The new Social Democrat (SPD) minister said countries with the
technical capacity to help should not refuse.
"Therefore we in the German government have decided not to shirk our
responsibility and to make our contribution. That means getting rid
of part of the chemical waste," he said at a news conference with
his Danish counterpart.
"The German armed forces have the technical capacity to do this in
Munster," Steinmeier said.
Syria has agreed to abandon its chemical weapons by June after a
sarin gas attack last August that Western nations blamed on
President Bashar al-Assad's forces. Damascus blamed the rebels For
It has declared 1,300 tonnes of weapons to the Organisation for the
Prohibition of Chemical Weapons (OPCW) which is arranging for them
to be destroyed abroad. This week some chemical weapons materials
started moving out of the country onto a Danish ship.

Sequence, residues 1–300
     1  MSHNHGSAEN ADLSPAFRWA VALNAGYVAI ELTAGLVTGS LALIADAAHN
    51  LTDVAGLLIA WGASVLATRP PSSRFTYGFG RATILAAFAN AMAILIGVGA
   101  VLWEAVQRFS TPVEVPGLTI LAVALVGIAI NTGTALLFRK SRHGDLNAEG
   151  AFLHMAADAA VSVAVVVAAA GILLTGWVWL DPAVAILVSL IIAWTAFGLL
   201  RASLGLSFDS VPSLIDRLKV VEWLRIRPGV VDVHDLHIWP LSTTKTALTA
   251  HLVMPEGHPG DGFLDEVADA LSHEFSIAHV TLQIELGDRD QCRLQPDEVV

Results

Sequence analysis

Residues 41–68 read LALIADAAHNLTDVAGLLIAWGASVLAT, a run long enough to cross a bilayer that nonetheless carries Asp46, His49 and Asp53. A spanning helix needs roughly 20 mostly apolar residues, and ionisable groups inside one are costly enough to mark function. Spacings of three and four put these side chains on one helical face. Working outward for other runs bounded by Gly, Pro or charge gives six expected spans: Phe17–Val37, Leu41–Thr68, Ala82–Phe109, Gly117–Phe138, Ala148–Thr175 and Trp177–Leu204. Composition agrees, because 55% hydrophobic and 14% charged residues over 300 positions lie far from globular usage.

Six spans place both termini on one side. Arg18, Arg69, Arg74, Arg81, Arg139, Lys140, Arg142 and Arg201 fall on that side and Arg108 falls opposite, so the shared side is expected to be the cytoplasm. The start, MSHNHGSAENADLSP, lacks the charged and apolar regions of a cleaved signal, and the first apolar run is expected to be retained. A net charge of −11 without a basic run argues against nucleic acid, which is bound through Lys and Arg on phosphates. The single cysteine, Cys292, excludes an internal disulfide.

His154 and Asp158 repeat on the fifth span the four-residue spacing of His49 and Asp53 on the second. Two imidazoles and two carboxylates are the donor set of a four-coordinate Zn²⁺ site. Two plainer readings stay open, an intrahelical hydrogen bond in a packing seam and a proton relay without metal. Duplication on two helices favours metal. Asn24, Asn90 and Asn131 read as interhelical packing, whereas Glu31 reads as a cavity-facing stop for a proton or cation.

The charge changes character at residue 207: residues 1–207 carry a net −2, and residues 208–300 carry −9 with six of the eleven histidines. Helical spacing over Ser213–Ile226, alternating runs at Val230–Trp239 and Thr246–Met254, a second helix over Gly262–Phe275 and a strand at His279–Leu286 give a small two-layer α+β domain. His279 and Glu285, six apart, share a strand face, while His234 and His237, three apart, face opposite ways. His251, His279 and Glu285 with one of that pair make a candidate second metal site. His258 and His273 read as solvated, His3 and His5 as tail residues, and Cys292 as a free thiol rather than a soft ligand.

Government sources said Chancellor Angela Merkel had agreed the move
with Steinmeier and Defense Minister Ursula von der Leyen on
The decision could be controversial in Germany, which has a strong
pacifist and anti-nuclear movement and has been reluctant to get
involved in foreign missions, especially in the Middle East, since
the end of World War Two.
[to top of second column]
The sources said several hundred tonnes of very diluted materials,
rather than chemical weapons, could come to Munster in northern
Germany, home to a big army base.
(Reporting by Andreas Rinke; writing by Madeline Chambers;
by Stephen Brown and Elizabeth Piper)
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